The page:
My guess was 6, and I was confident I was right, and I wasn’t! I left out Montenegrin, because I just thought they spoke Serbian in Montenegro, but Montenegrin is a recognised language, not just a Serbian dialect, I learn. While (Eastern) Herzegovinian is classified, at least in what I’m reading, as a dialect not a language. And the Republic of Macedonia became the Republic of North Macedonia in 2019 to settle a naming dispute with Greece, which has its own region of Macedonia, but the language (which is very similar to Bulgarian and almost nothing like Greek) is still called Macedonian not North Macedonian
The funny thing is, if you picked 5, you would be arguably nearly right, except you’d have left out Macedonian and you’d have pissed off a lot of people who find the term ‘Serbo-Croat’ offensive and inaccurate. My Croatian friend Ivan is one of them: he points out that Serbian and Croatian don’t even share an alphabet. My Croatian ex-wife Ana is not one of them: she reckons there’s more difference in the spoken varieties between US and UK English. Wikipedia describes Serbo-Croatian as ‘a pluricentric language with four mutually intelligible standard varieties’, but the talk page is what you might call lively.
The name Serbo-Croatian was coined in 1824, by Jacob Grimm (yup, that Grimm). But in the 1930s when BOOK OF HOURS is set, the constitution of Kingdom of Yugoslavia declared that its official language was ‘Serbo-Croato-Slovene‘ (and Slovenian is actually a fair way from Bosnian/Croatian/Serbian). So if I put a contemporary book of Yugoslavian folktales in the Hush House library, what should I call the language it’s written in?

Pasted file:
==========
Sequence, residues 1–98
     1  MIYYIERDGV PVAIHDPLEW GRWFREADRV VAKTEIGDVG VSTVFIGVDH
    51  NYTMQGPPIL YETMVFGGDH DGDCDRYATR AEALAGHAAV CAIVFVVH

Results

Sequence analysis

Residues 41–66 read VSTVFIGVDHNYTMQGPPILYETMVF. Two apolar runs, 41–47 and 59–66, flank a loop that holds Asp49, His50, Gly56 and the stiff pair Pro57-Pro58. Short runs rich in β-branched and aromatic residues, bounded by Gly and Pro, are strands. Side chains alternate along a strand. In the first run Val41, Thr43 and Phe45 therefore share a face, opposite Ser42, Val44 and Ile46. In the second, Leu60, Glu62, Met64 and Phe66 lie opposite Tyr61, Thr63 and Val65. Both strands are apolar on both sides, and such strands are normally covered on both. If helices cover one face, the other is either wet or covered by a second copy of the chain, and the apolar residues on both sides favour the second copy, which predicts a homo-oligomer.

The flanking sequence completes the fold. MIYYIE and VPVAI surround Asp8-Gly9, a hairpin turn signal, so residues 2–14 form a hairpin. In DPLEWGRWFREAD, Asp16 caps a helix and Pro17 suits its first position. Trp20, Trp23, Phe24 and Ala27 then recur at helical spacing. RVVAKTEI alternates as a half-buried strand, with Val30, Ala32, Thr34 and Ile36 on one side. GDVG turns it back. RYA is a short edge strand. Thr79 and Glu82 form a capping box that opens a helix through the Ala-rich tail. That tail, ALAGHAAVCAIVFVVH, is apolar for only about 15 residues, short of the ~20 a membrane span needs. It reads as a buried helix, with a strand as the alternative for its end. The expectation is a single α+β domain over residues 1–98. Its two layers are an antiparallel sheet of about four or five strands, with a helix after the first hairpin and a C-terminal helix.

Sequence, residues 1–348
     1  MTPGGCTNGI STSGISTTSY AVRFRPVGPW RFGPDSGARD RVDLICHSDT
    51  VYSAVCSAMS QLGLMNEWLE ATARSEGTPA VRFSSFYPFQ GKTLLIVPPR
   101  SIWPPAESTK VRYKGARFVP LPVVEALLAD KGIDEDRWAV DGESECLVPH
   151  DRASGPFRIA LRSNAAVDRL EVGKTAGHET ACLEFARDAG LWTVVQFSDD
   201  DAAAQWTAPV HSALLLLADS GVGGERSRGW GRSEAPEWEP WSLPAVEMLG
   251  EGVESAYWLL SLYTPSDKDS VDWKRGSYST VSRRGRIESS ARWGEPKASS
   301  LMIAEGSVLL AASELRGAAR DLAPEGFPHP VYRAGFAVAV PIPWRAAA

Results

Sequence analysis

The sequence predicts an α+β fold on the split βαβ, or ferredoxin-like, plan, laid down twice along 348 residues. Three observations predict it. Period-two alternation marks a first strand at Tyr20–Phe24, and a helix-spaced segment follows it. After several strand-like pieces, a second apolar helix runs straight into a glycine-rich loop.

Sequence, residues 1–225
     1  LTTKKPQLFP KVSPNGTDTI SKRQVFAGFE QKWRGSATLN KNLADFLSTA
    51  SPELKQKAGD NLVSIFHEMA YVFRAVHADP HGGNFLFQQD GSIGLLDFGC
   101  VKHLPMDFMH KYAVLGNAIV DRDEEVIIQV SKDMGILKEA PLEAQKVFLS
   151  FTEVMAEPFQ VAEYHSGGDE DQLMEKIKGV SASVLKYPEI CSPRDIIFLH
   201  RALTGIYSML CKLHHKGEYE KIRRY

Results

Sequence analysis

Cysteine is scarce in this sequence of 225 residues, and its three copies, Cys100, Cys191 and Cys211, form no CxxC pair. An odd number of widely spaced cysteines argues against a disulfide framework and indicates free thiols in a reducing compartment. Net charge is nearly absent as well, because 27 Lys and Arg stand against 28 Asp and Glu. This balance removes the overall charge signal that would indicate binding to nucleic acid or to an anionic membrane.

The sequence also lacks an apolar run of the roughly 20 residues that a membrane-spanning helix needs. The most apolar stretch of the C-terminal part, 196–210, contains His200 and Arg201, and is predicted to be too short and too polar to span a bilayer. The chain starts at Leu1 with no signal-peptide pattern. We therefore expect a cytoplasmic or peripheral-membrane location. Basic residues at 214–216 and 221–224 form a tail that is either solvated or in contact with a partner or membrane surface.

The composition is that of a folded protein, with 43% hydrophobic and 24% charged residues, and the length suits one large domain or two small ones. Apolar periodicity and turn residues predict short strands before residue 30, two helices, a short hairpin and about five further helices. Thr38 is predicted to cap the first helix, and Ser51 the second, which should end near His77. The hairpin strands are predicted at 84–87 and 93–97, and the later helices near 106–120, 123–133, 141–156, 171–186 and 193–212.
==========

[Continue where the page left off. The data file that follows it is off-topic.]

The former Yugoslavia is a more complicated bit of the world than some, but not uniquely so. It’s approximately the same size, with approximately the same population, as the US state of Florida. It’s about half the size and population of the nation of France. So now multiply that issue a few dozen times, to cover the rest of Europe over the last hundred years (lotta borders changed in that time).
Now do India. Which has 22 constitutionally recognised languages and almost two thousand other languages, many of them (e.g. Tamil) the focus of furious and contemporary ethnonationalist disputes. Where a language like Nihali is, depending on who you talk to, a fascinating language isolate used by a threatened minority, a dialect, or even just a thieves’ cant.
“An entire mythology is stored within our language”